(Almost) All You Need to Know About Electrical Convertors and Adapters in S
Replies: 4 - Last Post: Sep 17, 2012 10:53 AM Last Post By: malvolio
Sep 14, 2012 4:32 PM
(Almost) All You Need to Know About Electrical Convertors and Adapters in SFirst of all, some nomenclature: a convertor changes the voltage (and sometimes even the frequency) of electricity. An adapter just makes it possible for your plug to connect at all to the local socket; it doesn't change any aspect of the juice you're getting.
Throughout South-east Asia, you'll typically find multi-standard sockets. That is, if you have a two-pin plug, like the Europlug or the standard German, French, or Italian plug, or the British "shaver" plug, or the standard American two-bladed plug, you can fit it in there. Well, not "fit", but you jam it in there and wiggle it around and be careful not to pull it out, it'll work. Some places even accept heavier-duty American ground (two blades and pin) plugs. The only thing you need an adapter for is those big British BS-1363 plugs and I can't imagine what you'd be carrying that would have one. An electric chair?
Adapters: you don't need them
The converter. Most of South-east Asia (maybe all) uses 220 volts, just like most places. If you're American, you probably only use 220 for your clothes dryer, which I would recommend you leave at home anyway. Do you have to worry about this difference?
No. Almost anything electronic will accept both 110 and 220. If you have something old, you should look on the case for a note that say either "110V" or "110V-220V"; only use the latter.
Maybe. 110V resistance-heated devices -- irons, teapots, steamers, that sort of thing -- will "work" in 220V. In fact, they might work too well. They heat up faster and more with the higher voltage, so depending on how you feel about dying in a hotel mattress fire, you probably want to watch them carefully while you've got them plugged into the Asian line.
Yes. Anything with moving parts, motors, fans, will be sensitive to the voltage (and in some cases to the frequency). Check the case and the manual, but if in doubt, don't use it. The exception is the fans on electronics (like laptops and video projectors); these are driven by the internal power-converter of the device and will work fine at 220V.
Converters: you don't need them
Special note for Myanmar: all the foregoing is true, but it scarcely matters. Electricity is so unreliable in most of the Union, it's barely worth bringing anything that has to be plugged in. If you happen to be in your hotel room while the power is on, go ahead and jack in, but if the power goes out again, unplug: there will be all kinds of weird surges when the power comes back on that'll shorten the life of your device. Do not just leave things plugged in "in case" the power comes back on. The only exception might be a battery-charger that's not part of the device, where you actually pull the battery out of the device and stick it in the charger; those are safe to leave in in the hopes of catch a little charge by luck.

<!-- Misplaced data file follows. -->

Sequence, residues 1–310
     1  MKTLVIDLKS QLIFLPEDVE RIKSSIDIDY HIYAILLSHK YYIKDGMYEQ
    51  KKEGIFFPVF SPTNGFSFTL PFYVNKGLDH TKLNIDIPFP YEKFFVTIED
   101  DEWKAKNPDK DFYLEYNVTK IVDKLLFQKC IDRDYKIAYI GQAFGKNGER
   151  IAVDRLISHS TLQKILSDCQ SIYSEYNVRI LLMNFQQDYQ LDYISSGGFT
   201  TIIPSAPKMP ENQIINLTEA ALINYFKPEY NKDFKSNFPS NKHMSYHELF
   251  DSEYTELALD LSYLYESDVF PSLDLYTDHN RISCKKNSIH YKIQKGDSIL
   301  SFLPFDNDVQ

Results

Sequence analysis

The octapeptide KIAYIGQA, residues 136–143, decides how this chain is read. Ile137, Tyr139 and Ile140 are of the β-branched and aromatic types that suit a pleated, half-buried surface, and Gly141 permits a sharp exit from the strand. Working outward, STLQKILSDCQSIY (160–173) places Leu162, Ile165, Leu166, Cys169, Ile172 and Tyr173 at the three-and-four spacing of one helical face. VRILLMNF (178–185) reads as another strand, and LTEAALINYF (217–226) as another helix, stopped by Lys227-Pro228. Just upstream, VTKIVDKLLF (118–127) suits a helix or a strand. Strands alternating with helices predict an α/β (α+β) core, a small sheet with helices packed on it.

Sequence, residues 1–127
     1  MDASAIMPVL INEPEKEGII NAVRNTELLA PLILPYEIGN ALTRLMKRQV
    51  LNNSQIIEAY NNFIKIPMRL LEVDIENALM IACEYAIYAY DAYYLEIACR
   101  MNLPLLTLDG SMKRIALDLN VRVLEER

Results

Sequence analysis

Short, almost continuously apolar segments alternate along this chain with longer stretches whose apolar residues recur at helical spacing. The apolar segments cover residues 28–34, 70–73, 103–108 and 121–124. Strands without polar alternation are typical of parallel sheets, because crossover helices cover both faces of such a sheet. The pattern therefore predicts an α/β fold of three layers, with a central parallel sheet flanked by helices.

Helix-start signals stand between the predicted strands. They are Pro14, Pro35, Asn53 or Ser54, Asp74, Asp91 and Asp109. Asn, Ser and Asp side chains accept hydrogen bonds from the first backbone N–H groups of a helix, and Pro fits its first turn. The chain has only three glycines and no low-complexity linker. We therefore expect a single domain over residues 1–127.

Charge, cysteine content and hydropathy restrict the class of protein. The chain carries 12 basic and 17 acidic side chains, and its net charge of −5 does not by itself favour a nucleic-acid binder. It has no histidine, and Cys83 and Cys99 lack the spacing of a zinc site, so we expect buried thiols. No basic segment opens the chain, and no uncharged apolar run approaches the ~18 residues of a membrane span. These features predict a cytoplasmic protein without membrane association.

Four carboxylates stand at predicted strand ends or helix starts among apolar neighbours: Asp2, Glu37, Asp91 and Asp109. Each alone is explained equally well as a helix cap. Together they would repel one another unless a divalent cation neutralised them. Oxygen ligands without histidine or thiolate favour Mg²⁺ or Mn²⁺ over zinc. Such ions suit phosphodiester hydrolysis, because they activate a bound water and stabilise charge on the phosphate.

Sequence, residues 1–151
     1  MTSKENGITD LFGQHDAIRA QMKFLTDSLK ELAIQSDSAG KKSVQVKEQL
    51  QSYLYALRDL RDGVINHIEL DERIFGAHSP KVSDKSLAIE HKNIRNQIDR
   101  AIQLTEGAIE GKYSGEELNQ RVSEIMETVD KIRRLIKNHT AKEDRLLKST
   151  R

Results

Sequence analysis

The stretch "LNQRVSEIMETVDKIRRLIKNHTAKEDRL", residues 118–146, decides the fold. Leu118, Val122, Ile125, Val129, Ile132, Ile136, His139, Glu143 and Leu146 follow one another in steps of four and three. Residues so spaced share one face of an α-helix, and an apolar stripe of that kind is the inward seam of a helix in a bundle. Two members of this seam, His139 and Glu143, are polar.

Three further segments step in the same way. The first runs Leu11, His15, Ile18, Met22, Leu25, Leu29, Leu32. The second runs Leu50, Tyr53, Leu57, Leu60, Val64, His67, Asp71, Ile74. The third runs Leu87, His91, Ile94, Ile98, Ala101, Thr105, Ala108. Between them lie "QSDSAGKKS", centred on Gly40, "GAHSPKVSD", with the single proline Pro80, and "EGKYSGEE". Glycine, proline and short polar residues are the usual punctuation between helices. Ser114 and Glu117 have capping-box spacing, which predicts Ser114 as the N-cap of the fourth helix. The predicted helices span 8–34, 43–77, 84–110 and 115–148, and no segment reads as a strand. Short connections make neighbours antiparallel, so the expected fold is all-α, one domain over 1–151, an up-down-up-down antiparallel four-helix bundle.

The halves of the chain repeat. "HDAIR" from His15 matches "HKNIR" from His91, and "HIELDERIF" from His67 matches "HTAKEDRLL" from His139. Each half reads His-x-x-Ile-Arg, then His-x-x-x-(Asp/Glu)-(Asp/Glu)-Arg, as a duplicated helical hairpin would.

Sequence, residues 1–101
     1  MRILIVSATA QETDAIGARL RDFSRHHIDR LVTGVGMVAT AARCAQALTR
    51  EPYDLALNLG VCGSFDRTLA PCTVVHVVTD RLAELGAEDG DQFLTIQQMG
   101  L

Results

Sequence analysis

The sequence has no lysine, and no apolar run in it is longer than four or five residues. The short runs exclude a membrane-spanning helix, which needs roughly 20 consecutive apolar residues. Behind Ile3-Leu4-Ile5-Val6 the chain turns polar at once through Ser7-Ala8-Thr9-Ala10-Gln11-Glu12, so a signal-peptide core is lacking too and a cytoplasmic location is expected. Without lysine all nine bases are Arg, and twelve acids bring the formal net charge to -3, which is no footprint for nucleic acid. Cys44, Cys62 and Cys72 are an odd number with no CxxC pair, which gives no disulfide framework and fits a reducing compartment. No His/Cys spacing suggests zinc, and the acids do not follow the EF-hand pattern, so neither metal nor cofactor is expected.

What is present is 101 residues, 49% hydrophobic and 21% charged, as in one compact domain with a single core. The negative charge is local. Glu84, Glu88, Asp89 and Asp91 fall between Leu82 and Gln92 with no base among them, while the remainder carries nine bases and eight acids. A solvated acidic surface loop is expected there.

Other than that, you probably don't have to worry about this subject at all. Whatever you are bring with you will probably just work.
Sep 15, 2012 7:50 AM
Does Myanmar have the two prong Euro plugs or the three prong British ones. I need to charge camera batteries and am not sure which cord to bring. I've seen conflicting reports.
Also, are you a friend of Alan Orange?
Sep 15, 2012 4:08 PM
That is, some (most I think) outlets are the multi-standard ones that you can wedge pert-near any two-pin or two-blade plug into -- but not, of course, the three-pronged British Standard 1363.
Some more accept some weird Chinese-made plug. A few accept the 1363 and nothing else. Whether that's residual loyalty to the Raj, Burmese whimsy, just whatever was left at the hardware story, or something else altogether, I have no idea. But the confusion is a good metaphor for Myanmar as a whole. 150 languages, more than 100 "nationalities", a dozen armies of independence, sure, why not have three or four incompatible plugs?
If I were you, I'd just bring the two-prong plug. It will work in Thailand and most outlets in Myanmar -- if there's any power at all, that is.
I like to think of myself as a friend to all, but I've never met Alan Orange.
Sep 16, 2012 9:50 AM
Sep 17, 2012 10:53 AM
Eventually, you have to make your own call.
Don't forget though, everything you bring, you have to carry. That sounds like a small thing, until the bus lets you off a kilometer from your destination and it's 40°C in the shade and there's no shade and your pack-straps are cutting into your shoulders and every gram of every book and gadget and piece of clothing you brought "just in case" is like a thorn digging into your skin...
I don't know if I'm an expert but I know I don't know anyone named after any citrus fruit at all.
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